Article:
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MENAFN - Oxford Business Group - 23/09/2008

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(MENAFN - Oxford Business Group) As Oman's vibrant economy continues to surge due to sustained high oil prices and a concerted effort by the government to invest its fiscal surpluses in capital formation, finance and leasing companies (FLCs) operating in the sultanate are experiencing an unprecedented boom.

According to the most recent figures from the Central Bank of Oman (CBO), the total combined assets of the country's FLCs surged from OR277.6m in 2006 to OR413.8m in 2007, constituting a rise of 49.1%. Similarly, net profits went from OR8.61m to OR13.13m during the same period, reflecting an increase of 52.5%.

The six FLCs currently under licence of the CBO are Muscat Finance Co., National Finance Co., Oman Orix Leasing Co., Al Omaniya Financial Services, United Finance Co. and Taageer Finance Co. They are permitted to operate in three market segments, namely, retail financing for individual customers for the purchase of automobiles; equipment leasing for small and medium sized enterprises (SMEs) for expansion and replacement requirements; and factoring and working capital for SMEs for cross-border or domestic trade.

According to Sanjeev Kumar Chadha, CEO of Taageer Finance Co., the various infrastructure projects currently under implementation by the government and private sector will result in even greater opportunities for the country's FLCs.

"The continued push for economic diversification by the government through the development of infrastructure, manufacturing, tourism, commercial and residential projects will expand the need for credit from FLCs, not to mention the tremendous increase in automobile purchases that the sultanate is witnessing," he told OBG on September 8.

As FLCs do not have the advantage of scale that banks do, they have carved out a niche for themselves, particularly in the SME segment, where they are better able to compete.

Robert Pancras, CEO of National Finance Co., told OBG, "the way the financial sector is structured in Oman, the large infrastructure projects are primarily financed by international and local banks. The SME segment, which is both large and arguably growing faster than the corporate sector, is mainly financed by FLCs."

He added, "Finance companies occupy a niche in the marketplace which is very much between banks and informal finance. I don't foresee banks coming in and competing in our SME space."

According to Raghavan K. Murthi, CEO of United Finance Co. - the sultanate's largest FLC with OR23.345m in paid-up capital and a 28% market share - the banking approach toward financing SMEs is different from that of FLCs.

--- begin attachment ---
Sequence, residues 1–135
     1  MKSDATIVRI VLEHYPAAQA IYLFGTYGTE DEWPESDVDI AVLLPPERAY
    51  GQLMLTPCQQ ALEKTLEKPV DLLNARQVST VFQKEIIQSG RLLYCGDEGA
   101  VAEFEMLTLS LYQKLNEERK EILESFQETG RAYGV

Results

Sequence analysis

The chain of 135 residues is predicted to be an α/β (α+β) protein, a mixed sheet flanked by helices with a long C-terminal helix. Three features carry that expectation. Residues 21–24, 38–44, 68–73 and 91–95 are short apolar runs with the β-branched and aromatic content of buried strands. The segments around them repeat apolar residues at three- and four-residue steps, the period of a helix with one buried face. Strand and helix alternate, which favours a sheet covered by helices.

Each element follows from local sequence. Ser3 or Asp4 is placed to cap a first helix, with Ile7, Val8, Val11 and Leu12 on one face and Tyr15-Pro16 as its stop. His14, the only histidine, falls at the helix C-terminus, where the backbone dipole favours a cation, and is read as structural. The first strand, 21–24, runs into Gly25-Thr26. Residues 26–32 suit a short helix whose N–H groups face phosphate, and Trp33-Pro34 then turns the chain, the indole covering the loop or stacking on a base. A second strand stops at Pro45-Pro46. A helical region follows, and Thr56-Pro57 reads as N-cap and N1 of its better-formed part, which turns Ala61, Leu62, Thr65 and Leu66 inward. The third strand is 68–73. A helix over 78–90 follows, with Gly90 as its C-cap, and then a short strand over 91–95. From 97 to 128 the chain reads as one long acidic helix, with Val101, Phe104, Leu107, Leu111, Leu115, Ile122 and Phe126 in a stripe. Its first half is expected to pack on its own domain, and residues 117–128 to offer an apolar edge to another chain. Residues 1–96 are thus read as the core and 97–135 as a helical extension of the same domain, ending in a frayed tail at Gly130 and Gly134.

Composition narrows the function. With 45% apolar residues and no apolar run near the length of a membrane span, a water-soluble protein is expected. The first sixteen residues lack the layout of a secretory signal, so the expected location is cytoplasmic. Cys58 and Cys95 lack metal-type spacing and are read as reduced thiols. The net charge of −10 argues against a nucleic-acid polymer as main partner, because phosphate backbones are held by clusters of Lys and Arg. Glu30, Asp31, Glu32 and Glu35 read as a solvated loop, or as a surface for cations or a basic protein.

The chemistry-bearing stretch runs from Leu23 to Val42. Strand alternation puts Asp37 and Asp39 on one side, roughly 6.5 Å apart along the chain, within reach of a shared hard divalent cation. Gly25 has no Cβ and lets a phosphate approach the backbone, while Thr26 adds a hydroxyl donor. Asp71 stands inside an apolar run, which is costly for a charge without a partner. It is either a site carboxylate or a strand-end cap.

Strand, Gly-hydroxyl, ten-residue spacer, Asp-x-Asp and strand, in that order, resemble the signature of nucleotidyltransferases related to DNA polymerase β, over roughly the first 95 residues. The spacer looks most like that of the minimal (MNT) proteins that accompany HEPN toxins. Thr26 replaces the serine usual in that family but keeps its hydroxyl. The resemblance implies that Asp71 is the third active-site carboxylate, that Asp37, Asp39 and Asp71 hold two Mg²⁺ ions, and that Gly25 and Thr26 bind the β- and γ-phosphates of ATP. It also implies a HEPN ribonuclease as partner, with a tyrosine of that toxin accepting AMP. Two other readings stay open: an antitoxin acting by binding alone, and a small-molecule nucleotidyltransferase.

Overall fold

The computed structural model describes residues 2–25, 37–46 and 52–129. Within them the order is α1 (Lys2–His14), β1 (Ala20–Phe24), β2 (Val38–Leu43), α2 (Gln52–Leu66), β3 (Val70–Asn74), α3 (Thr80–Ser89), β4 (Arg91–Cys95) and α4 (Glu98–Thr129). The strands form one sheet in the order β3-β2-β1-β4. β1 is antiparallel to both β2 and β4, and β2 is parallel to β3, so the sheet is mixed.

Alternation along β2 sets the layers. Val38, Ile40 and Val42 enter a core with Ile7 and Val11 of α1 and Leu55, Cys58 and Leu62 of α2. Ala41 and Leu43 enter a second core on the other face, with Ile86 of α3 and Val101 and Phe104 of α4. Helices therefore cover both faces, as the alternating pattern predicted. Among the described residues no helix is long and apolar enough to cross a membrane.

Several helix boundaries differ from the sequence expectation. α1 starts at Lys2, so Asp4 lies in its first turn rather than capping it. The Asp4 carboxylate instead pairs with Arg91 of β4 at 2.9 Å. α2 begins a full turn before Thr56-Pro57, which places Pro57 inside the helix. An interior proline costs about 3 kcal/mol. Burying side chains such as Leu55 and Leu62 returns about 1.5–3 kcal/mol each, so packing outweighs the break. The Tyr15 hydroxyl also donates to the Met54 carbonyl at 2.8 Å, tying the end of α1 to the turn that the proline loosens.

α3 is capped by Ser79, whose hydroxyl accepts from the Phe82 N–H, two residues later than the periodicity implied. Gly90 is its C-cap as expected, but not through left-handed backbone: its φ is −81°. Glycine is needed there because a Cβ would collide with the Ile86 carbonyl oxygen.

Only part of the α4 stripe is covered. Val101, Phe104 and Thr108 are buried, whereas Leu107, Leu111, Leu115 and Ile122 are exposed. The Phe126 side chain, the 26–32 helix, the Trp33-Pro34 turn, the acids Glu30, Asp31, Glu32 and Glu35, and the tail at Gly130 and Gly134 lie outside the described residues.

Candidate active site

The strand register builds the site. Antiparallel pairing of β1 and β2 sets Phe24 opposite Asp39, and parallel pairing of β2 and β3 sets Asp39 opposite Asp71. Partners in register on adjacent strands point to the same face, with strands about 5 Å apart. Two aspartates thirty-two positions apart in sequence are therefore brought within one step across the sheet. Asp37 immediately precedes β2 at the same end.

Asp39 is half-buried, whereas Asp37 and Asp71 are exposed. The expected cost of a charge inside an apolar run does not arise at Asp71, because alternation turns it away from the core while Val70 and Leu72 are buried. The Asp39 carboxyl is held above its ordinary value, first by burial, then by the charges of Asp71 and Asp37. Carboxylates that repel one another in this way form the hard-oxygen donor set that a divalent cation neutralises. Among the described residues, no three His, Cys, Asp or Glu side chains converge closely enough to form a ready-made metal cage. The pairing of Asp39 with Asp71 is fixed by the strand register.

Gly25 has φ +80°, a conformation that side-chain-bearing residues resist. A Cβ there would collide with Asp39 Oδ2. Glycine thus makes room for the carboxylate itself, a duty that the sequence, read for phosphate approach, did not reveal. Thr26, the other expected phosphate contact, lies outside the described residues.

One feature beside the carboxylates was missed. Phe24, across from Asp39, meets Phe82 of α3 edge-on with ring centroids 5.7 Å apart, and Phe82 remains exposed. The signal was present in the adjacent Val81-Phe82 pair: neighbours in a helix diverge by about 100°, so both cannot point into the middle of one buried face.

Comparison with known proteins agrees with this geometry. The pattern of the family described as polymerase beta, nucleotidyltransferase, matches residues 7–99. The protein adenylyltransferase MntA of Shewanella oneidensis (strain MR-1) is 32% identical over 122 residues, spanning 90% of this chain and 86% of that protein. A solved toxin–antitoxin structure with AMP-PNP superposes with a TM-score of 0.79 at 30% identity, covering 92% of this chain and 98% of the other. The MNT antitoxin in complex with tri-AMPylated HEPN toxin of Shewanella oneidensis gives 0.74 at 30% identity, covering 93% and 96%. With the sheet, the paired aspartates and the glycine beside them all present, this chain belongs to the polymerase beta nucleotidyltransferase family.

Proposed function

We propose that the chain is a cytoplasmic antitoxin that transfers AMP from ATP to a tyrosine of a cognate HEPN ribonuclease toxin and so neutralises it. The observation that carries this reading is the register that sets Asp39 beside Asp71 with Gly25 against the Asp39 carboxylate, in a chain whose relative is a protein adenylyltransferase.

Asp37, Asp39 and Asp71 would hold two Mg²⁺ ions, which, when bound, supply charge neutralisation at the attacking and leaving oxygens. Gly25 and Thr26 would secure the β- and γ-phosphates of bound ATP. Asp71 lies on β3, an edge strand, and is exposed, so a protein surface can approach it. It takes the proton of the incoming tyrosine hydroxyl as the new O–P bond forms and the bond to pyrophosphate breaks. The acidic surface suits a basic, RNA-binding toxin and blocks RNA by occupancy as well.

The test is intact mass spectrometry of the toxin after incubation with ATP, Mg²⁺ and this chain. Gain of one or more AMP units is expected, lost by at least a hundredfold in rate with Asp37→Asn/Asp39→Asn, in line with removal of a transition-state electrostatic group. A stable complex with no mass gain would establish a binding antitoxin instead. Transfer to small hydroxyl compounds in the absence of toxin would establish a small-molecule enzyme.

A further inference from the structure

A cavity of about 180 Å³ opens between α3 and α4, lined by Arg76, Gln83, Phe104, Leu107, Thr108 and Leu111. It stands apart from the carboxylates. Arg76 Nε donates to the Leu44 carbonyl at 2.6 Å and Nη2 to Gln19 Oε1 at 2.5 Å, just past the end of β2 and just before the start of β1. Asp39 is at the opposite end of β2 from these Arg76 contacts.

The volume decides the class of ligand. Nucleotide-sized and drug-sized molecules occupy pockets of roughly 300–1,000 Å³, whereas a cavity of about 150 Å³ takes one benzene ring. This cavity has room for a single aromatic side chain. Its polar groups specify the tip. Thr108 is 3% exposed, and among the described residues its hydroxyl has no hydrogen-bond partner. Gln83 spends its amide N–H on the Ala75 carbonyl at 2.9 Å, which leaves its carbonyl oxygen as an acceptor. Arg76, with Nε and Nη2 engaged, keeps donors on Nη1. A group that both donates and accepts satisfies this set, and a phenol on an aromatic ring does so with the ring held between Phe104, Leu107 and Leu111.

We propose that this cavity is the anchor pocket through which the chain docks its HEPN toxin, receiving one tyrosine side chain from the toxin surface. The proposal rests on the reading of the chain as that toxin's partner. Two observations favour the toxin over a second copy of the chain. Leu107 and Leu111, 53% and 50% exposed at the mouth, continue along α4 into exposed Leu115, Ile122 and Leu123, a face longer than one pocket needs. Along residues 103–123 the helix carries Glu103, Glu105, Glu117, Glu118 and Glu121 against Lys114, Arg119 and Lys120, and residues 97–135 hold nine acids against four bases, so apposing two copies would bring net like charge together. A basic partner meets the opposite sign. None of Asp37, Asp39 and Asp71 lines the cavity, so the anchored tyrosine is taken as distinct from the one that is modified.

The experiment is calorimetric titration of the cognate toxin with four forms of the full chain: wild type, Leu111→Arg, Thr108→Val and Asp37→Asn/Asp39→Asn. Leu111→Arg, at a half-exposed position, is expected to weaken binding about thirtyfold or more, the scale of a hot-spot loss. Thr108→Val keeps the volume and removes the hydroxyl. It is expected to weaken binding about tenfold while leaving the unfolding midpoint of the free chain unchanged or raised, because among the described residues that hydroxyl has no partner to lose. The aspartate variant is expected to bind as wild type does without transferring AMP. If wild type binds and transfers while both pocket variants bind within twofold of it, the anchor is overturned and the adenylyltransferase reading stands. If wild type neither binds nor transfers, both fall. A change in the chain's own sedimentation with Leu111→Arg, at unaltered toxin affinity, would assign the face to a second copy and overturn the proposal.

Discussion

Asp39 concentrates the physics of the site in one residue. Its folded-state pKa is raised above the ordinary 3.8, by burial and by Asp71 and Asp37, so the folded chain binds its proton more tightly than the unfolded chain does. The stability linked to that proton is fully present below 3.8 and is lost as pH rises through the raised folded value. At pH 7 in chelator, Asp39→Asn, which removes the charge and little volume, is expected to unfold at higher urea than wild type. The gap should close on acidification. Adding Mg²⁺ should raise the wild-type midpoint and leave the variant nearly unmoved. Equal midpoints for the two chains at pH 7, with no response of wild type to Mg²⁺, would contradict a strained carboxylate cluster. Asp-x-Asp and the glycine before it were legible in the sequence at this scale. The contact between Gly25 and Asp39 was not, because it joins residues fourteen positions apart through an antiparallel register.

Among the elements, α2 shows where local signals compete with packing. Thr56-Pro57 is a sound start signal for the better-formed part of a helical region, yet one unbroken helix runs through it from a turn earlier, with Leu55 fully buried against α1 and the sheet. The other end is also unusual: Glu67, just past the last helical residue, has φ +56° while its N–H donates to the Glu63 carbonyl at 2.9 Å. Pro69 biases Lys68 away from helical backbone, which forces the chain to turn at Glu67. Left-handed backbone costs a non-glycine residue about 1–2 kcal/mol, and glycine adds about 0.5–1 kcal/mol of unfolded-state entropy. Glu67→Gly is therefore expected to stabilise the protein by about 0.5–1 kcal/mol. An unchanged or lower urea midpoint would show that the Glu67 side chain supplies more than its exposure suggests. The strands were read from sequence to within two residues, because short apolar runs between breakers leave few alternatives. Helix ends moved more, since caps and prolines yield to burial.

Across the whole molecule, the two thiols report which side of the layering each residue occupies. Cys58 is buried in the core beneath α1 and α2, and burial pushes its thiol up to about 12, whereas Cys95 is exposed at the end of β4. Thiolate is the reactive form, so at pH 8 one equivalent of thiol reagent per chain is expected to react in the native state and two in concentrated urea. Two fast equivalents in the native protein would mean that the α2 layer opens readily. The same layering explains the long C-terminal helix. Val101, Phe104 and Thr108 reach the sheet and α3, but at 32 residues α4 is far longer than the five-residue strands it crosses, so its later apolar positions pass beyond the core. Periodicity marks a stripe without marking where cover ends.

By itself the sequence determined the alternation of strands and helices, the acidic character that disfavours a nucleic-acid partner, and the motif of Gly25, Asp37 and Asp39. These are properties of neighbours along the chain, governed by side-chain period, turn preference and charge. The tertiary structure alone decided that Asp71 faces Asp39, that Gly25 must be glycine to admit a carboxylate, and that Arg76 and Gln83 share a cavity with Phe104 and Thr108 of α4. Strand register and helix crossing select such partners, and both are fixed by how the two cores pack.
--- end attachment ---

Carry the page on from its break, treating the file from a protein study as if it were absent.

"The banks look at a borrower's ability to repay a loan; FLCs look at the economics of the assets. ... For example, we would look at what a 100-tonne crane can produce in terms of economic value. So we are operating on a different model from the banks," Murthi told OBG.

The CBO has recognised the value FLCs play in supporting a growing SME market and has mandated the companies to raise their minimum paid-up capital to OR10m by the end of June 2009 and to OR20m by the end of June 2011.

"The government is pouring money into infrastructure projects and the CBO is empowering FLCs to exploit the potential in the market by increasing our equity," said Murthi.

Despite predicted growth for Oman's FLCs over the coming years, there are concerns that need to be addressed and risks that need to be mitigated.

Chadha conceded that credit risks are inherent in any lending businesses, as well as interest rate and liquidity risks. "Interest rate volatility arising from duration mismatches between interest rate-sensitive assets and liabilities are always a concern, but we try to offset this by incorporating an interest rate variation clause in our lending instruments. We also try to mitigate the liquidity risk arising from the inability of a company to meet its liabilities when they fall due by diversifying our source of funds and the tenure of funds borrowed," he told OBG.

Other inherent risks to the FLC sector are economic, such as inflation, policy risks related to changes in business regulations and natural calamities.

Nevertheless, the outlook for Oman's FLCs remains strong.

"FLCs are currently in a sweet spot, as we are servicing that part of the economy which is growing faster than the overall economy. I do expect that this growth will be sustained for at least the next three years," said Pancras.

 






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